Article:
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Nasdaq fines, censures Datek

Datek Online Brokerage Services will pay $30,000 in fines to settle charges that it allegedly incorrectly identified its role in 1 million customer transactions.

Datek Online Brokerage Services will pay $30,000 in fines to settle charges that it allegedly incorrectly identified its role in 1 million customer transactions, the company confirmed Thursday.

Nasdaq's regulatory body, NASD Regulation, also censured the Edison, N.J.-based brokerage for "related supervisory failures," NASD Regulation said in a statement. Datek spokesman Mike Dunn said the company "settled without admitting or denying the alleged violations."

"We took a corrective action to address concerns raised by Nasdaq, including adopting procedures to avoid a similar situation in the future." Dunn said. "The firm takes its regulatory duty seriously."

Brokerages are required to disclose in what capacity they are acting when they process a trade: either "principal" or "agent." When a brokerage identifies a "principal" trade, it means the company executes a customer's order by buying or selling shares from its own accounts. An "agent" trade means that a company forwards a customer order to another firm or matches the order with another customer, NASD Regulation said.

NASD Regulation accused Datek of changing its execution process for certain trades in March 1999 but not changing its computer system to correctly identify certain trades as "principal." Investors can make decisions based on whether a brokerage is selling from its own stock holdings or from some other company's, said Gomez Senior Analyst Dan Burke.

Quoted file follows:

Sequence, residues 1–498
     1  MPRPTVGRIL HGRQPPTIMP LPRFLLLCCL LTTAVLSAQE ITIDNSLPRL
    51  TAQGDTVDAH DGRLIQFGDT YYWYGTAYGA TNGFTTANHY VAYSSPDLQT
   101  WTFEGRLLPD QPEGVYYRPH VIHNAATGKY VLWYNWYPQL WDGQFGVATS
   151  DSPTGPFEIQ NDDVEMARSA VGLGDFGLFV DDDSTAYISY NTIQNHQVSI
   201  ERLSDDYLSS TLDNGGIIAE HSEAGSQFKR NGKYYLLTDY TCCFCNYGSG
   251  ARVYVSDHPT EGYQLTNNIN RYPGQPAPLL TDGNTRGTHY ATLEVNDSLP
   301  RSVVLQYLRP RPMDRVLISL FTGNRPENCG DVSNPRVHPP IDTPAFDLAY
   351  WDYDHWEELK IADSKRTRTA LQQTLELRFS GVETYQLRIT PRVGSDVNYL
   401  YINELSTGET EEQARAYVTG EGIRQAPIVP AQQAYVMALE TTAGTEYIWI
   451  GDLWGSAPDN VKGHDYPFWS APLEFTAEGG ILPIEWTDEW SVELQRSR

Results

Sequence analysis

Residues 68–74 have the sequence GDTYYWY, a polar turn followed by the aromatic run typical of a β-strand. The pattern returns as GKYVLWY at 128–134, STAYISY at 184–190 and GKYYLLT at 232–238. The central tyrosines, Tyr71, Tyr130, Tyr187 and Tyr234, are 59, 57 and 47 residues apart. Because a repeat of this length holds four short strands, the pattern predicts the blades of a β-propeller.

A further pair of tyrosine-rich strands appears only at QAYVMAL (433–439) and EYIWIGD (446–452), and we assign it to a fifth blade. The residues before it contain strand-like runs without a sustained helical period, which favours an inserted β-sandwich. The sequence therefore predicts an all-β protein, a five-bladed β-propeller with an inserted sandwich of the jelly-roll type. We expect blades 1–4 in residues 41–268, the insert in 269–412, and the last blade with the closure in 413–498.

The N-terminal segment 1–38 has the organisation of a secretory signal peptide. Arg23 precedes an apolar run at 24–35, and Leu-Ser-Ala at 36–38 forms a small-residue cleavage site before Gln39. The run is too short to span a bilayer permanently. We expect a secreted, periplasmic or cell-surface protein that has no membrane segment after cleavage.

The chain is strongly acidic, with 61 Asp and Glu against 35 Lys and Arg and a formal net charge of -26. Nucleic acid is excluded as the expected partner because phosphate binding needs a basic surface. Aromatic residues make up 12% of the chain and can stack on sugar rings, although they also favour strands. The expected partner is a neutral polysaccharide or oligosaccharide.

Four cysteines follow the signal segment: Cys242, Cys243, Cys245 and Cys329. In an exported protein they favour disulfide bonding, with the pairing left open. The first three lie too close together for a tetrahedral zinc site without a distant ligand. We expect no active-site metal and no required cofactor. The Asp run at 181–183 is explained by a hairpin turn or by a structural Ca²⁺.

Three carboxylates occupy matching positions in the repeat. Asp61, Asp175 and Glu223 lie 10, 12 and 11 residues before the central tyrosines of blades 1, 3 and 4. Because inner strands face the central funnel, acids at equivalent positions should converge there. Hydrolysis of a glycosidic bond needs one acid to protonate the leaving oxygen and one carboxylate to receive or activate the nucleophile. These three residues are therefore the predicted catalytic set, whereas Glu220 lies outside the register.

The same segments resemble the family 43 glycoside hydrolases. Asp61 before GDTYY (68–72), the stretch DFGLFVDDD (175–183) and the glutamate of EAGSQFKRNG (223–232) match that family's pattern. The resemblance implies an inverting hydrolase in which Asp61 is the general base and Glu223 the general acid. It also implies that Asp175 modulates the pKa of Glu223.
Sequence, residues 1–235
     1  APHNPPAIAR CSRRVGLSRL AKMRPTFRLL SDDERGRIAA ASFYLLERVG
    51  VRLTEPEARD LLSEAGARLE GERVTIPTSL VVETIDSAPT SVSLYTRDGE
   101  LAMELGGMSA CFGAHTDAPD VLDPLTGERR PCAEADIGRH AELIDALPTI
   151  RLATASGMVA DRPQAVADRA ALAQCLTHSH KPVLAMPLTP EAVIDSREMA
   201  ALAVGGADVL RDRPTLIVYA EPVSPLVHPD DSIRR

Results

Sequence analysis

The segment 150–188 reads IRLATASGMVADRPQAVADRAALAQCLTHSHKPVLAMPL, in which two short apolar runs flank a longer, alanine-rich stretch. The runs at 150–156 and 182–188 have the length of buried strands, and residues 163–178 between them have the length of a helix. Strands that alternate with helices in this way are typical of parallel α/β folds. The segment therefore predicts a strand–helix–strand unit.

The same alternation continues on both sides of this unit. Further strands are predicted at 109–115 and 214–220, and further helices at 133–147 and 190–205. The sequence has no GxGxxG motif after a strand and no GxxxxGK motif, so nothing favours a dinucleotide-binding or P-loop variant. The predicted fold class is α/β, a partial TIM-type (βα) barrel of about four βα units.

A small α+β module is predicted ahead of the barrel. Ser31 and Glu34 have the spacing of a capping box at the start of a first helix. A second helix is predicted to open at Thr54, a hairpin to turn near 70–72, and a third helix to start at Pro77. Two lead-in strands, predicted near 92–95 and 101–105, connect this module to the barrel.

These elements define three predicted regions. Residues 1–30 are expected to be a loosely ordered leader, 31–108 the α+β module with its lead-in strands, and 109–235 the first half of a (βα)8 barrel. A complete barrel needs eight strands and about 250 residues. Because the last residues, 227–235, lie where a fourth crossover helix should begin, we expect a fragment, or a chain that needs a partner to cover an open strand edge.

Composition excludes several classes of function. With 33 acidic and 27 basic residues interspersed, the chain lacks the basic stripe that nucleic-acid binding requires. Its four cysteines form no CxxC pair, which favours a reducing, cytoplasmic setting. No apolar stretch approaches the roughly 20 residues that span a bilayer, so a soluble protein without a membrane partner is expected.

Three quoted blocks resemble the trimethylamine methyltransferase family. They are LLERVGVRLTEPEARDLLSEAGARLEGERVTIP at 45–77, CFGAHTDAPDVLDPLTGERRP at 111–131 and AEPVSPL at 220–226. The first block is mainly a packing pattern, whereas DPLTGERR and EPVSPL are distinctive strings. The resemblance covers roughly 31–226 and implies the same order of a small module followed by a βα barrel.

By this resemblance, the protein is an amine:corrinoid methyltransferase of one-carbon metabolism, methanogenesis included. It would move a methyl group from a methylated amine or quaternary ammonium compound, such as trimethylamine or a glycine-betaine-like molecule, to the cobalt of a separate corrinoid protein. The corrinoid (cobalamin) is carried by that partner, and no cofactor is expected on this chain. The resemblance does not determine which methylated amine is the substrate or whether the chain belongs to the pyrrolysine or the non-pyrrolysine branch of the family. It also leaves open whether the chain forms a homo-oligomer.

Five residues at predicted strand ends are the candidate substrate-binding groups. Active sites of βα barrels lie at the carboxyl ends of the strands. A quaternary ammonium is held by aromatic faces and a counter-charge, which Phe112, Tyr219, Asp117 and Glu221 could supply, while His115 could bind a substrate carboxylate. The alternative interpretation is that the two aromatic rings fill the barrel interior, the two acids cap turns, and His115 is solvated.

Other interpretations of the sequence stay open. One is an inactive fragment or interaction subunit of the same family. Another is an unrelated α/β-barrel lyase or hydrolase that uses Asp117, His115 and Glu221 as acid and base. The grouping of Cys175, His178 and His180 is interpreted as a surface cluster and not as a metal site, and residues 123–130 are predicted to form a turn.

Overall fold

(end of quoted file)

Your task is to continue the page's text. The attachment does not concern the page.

Datek also failed to fix the problem for four months after discovering the error in 1999, NASD Regulation alleged. Dunn blamed the problem on a computer-coding error and said that the company's customers and the stock were not affected.

"It took us longer than we intended to fix the problem," Dunn said.

Controversy is not new to 4-year-old Datek. In 1999, the company paid $50,000 in fines for using customer money to meet its own financial obligations on 12 occasions from March through May of 1998.

The latest charges are nowhere near as severe, but they raise questions as to whether the company is implementing proper control, Burke said.

"It's not a major issue, but it's another instance where they get slapped on the wrist," Burke said. "The issue really is that they were alerted to the problem and didn't address it. Everyone makes mistakes but you must remedy the situation."